MIDNIGHT AT NOON – Bo – Ex. 10-13 – by Rabbi Baruch Cohon
This week we will read about plagues #8, 9 and 10. Of these, as well as the ones we read about last week, #9 has a unique quality. It afflicts the mind rather than the body. This time, no hailstones will pelt the Egyptians, no lice will bite them, no frogs will overrun their country. This time they will get a blackout. The Torah describes it as darkness so thick you could feel it. For three days and nights, people could not see each other. They were afraid to move.
How did Moses manage this? According to some historians, maybe he didn’t. They tell us this was an actual total eclipse of the sun which took place on March 13, 1335 BCE. Perhaps that’s why Moses didn’t warn Pharaoh in advance the way he did before some of the other plagues.
Our classic commentators offer other explanations. The Klee Yokor (Vessel of Value) observes that the pattern of creation gives human beings both day and night. So here the Creator borrowed night from the Israelite territory and added it to Egypt, turning the daytime into night. Thus the Egyptians had double darkness – all night and all day. Never saw the sun. Remember, the sun was the Egyptian chief god. No wonder they were scared. But, we are told, “the Israelite people had light, where they lived.” In fact, says Rabbi Shlomo Ephraim in Klee Yokor, they had light both by day and by night. To prove it, he points out that the last letters of the words “all the people of Israel had – l’khoLb’neYyisroeLhayaH–“ spell “LY’LaH – Night!”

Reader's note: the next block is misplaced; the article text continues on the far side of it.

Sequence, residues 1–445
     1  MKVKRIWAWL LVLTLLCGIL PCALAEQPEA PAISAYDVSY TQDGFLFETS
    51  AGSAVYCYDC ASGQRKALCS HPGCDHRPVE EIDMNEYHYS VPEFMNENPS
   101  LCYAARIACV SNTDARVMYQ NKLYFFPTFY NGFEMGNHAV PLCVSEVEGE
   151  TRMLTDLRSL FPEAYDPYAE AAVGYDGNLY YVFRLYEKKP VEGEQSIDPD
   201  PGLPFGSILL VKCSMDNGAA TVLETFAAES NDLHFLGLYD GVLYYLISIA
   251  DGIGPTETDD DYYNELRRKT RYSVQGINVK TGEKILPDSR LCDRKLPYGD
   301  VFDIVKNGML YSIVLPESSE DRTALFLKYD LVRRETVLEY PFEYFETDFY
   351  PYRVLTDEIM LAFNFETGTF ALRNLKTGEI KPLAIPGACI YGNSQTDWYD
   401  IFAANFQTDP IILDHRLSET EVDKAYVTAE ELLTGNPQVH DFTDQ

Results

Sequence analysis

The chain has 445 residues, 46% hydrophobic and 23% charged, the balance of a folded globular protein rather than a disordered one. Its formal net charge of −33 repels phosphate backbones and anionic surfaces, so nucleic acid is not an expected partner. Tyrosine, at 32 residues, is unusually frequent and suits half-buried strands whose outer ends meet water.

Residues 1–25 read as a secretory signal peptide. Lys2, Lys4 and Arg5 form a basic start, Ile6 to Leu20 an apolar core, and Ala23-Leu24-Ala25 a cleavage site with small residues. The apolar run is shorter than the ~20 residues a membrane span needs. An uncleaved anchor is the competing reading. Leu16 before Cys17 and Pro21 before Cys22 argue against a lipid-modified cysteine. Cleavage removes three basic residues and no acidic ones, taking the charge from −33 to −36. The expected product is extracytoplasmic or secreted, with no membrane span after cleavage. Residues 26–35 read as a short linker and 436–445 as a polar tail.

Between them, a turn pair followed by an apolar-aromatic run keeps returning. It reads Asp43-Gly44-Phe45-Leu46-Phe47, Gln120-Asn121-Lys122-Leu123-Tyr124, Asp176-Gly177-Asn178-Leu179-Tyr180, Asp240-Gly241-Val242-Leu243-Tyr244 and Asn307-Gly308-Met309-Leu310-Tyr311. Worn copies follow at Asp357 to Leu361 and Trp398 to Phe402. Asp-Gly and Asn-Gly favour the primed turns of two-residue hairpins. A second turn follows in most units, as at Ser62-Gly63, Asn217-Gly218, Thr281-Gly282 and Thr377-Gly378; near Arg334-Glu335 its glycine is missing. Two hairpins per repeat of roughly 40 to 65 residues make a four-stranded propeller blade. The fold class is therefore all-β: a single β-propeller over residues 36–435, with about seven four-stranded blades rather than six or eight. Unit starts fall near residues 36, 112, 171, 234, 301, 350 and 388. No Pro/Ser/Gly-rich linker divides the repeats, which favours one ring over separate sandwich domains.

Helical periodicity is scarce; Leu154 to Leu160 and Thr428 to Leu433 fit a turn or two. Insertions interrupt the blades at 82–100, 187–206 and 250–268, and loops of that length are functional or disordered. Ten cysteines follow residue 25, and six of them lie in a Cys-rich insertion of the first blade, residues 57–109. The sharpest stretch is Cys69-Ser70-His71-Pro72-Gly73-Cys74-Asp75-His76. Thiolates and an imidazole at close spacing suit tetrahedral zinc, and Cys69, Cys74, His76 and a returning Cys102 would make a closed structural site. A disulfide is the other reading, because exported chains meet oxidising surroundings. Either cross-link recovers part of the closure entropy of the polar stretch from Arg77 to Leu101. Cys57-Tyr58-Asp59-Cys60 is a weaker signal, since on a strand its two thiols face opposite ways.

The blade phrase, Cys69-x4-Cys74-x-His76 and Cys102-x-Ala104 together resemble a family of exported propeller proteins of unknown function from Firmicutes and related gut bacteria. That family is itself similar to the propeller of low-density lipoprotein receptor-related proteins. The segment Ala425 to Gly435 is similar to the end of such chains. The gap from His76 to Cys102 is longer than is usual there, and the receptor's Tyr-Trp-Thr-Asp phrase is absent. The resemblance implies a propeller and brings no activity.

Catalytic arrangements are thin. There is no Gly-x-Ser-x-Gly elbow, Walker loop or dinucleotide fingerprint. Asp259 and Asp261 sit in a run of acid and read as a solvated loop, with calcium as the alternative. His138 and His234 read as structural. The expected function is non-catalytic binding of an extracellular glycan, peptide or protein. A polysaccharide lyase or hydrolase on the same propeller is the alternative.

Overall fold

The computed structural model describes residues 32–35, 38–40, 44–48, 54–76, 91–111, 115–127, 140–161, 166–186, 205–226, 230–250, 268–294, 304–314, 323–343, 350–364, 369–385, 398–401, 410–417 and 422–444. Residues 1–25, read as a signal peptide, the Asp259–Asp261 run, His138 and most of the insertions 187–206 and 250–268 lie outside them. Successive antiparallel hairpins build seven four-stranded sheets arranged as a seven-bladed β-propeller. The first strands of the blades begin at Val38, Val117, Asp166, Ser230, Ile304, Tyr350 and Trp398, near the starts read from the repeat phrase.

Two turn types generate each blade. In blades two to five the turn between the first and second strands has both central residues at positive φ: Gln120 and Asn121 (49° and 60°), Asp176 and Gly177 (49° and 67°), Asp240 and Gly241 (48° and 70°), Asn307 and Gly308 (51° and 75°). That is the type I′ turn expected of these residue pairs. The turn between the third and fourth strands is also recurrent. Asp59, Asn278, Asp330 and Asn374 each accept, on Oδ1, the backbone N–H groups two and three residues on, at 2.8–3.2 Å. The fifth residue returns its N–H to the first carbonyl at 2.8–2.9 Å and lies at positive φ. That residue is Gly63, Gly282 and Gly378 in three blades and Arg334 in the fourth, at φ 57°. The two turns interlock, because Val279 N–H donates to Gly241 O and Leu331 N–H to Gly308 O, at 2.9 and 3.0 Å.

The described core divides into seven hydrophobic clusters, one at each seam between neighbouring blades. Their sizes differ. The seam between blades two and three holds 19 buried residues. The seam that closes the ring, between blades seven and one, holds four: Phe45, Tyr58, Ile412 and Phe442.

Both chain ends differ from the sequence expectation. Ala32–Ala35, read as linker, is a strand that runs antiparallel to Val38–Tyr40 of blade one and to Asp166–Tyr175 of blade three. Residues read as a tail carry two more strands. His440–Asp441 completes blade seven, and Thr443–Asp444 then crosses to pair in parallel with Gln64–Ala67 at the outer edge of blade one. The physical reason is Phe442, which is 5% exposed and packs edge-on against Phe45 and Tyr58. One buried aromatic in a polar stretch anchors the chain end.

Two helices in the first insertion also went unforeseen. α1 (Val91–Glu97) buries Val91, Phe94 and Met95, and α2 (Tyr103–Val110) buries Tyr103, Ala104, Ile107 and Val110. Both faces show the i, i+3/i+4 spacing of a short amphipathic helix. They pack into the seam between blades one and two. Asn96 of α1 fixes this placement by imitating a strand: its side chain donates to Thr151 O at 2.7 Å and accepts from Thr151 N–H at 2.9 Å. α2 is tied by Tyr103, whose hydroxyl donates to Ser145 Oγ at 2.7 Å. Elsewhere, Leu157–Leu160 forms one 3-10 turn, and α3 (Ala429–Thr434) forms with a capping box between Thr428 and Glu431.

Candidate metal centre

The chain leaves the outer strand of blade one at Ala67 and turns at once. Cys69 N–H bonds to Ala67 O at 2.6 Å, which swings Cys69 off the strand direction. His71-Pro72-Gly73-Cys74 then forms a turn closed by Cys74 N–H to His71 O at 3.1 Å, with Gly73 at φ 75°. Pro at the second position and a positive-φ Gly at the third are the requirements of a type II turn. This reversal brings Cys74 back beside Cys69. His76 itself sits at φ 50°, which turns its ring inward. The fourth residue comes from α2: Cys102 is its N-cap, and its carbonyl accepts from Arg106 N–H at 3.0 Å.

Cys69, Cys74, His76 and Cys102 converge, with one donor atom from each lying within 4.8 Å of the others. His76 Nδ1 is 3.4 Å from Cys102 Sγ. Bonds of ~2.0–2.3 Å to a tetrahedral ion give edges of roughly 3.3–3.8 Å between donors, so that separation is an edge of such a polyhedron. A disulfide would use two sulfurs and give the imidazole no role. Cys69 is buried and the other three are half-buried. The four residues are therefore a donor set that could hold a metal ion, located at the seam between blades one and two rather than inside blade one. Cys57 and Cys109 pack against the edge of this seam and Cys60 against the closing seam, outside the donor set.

The Or haHayyim (Light of Life) commentary takes a spiritual approach. Suppose a word is missing from the sentence about the Israelites having light. Just a little word, asher, translated “which, or who, or that,” as sometimes happens elsewhere in Scripture. Then the sentence would read: “The Israelites who had light were in the dwellings.” Meaning that those Israelites who went to Egyptian dwellings brought their light with them! Evil people cover themselves in darkness, as did the wicked Egyptians. But tzadikim —the righteous — experience Divine light “like the sun in all its power.” G-d loans them some of that light, so they can have light in their dwellings. And they can bring it with them to other dwellings. They had no Harry James to play it or Kitty Kallen to sing it, but some of the Egyptians that the Israelites visited in those days surely found themselves Beginning to See the Light! Had to. A couple of chapters further in this week’s reading, we will find out about the “mixed multitude – eyrev rav” who left Egypt with the Israelites. Who were they? Presumably dissatisfied Egyptians, glad to leave Pharaoh’s tyranny. No doubt some of them received light in their darkness from their slave neighbors, during the Blackout of the Ninth Plague.
Like the scholars and scientists and entrepreneurs in modern Israel, those ancient tzadikim brought their light to their neighbors. Even though they were working for the Egyptians – not providing jobs for today’s Arabs – the light of Truth was with them.
All the Plague stories are symbolic, each in its own way, and the Plague of Darkness comes to remind us of all the varieties of light we can enjoy, and share, and use, to reveal the world’s blessings. Throughout our history, Jews take leading roles in kindling and sharing the light of knowledge, the light of discovery, the light of justice, and above all the light of truth.
Let’s hope we always will.